The bullshit train just keeps rolling on.
In the ongoing effort to rewrite history and deflect blame from Wall Street for the financial crisis, former U.S. Treasury official and current American Enterprise Institute swine Peter Wallison has issued a lengthy analysis of the mortgage bubble that, surprise, surprise, lays the blame for the crash at the feet of government efforts to expand home ownership to "those who normally would not qualify."Washington TimesWithout waiting for the evidence
I'm going to come back to that remarkable line written by senior Cato Institute fellow Richard Rahn, who's just jumped to the very top of my shit list, in a second. But just quickly, the argument goes on to summarize the conclusions in Wallison's study, which is described as a "stronger and more empirically-based" argument, having been done by one of what Rahn calls the "somewhat more sophisticated observers" who didn't just rush to blame the whole thing on greed without waiting for the evidence.
The essence of Wallison's argument is that the crisis was caused by the fact that the government in the late 1990s started forcing Fannie Mae and Freddie Mac to acquire increasing numbers of "affordable" housing loans.
Which is true. The Clinton administration did issue a mandate instructing Fannie and Freddie to purchase a larger portfolio of low-income housing loans. But this had nothing, or very little, to do with the mortgage bubble. What's fascinating about this AEI stance is the evolution of the right-wing argument: the first effort to explain the mortgage crisis involved, of all things, the Community Reinvestment Act of 1977, the anti-redlining law that required banks to issue a certain percentage of home loans to the people who made up the bulk of their depositors. That propaganda effort was only mildly successful for the screamingly obvious reason that the law in question was passed in the seventies, across thirty years of crisis-free American history. That, plus the fact that the CRA had absolutely no real impact on the sudden explosion of subprime home loans in the early part of the last decade, made this a propaganda non-starter.
So now they're coming back with this, pegging the whole mess not to greed but to Clintonian policies involving Fannie and Freddie. Note that although they could have done so, the AEI is not criticizing Clinton for the things he was actually guilty of, like repealing the Glass-Steagall Act and signing off on the Commodity Futures Modernization Act (which deregulated the types of derivatives that made the mortgage-backed securities boom possible) in 2000.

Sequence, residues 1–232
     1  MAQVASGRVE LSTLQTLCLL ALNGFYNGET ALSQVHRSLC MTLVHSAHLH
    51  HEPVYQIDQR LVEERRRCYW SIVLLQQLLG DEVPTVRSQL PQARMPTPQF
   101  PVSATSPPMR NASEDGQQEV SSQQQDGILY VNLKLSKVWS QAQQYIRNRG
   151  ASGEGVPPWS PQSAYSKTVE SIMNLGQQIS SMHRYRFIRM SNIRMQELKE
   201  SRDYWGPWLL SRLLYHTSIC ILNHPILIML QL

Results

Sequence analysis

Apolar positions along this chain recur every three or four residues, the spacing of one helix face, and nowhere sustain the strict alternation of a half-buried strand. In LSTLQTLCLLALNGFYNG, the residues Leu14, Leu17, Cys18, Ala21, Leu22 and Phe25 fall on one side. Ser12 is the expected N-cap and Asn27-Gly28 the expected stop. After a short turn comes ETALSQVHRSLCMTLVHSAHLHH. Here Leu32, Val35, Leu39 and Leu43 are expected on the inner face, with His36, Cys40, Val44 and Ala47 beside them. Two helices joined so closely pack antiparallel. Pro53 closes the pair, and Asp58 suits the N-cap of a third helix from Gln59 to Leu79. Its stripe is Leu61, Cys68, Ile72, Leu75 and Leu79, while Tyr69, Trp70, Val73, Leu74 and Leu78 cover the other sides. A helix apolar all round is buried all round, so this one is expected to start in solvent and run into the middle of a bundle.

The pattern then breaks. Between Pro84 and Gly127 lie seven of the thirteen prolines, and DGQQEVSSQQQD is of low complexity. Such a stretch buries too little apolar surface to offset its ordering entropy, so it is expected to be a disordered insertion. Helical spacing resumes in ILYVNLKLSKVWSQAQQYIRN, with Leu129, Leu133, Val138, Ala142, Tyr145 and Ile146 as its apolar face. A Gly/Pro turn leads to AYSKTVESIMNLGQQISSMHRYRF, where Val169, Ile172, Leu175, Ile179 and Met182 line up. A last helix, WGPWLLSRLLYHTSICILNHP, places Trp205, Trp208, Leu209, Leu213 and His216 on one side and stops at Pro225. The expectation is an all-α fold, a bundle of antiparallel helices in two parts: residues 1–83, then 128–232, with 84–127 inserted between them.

No, the criticism here is not really partisan; it's designed more to put class and race at the middle of the crash discussion, pitching the financial crisis as the result of a botched socialistic scheme to put "those who normally would not qualify," i.e. poor white trash and poor black and Hispanic people, in fancy homes.
Here is why this argument is bullshit, and I'm not the only one saying so.
The reason there was a sudden rush to lend out homes to subprime borrowers was not because of Fannie and Freddie, but because the banks had discovered fancy new derivative tools like CDOs and CMOs that allowed them to chop up bundles of home loans and turn them into AAA-rated securities. Countrywide was not trolling the streets looking for jobless indigents to lend mansions to (this literally happened, by the way) because the government was forcing them to. It was because big banks like Goldman and JP Morgan Chase and Bank of America were letting them know that they had a virtually limitless market for mortgage-backed securities, thanks to the new derivative tools that allowed them to sell billions of subprime MBS as AAA-rated investments to suckers like German land-banks and Icelandic trade unions and the like.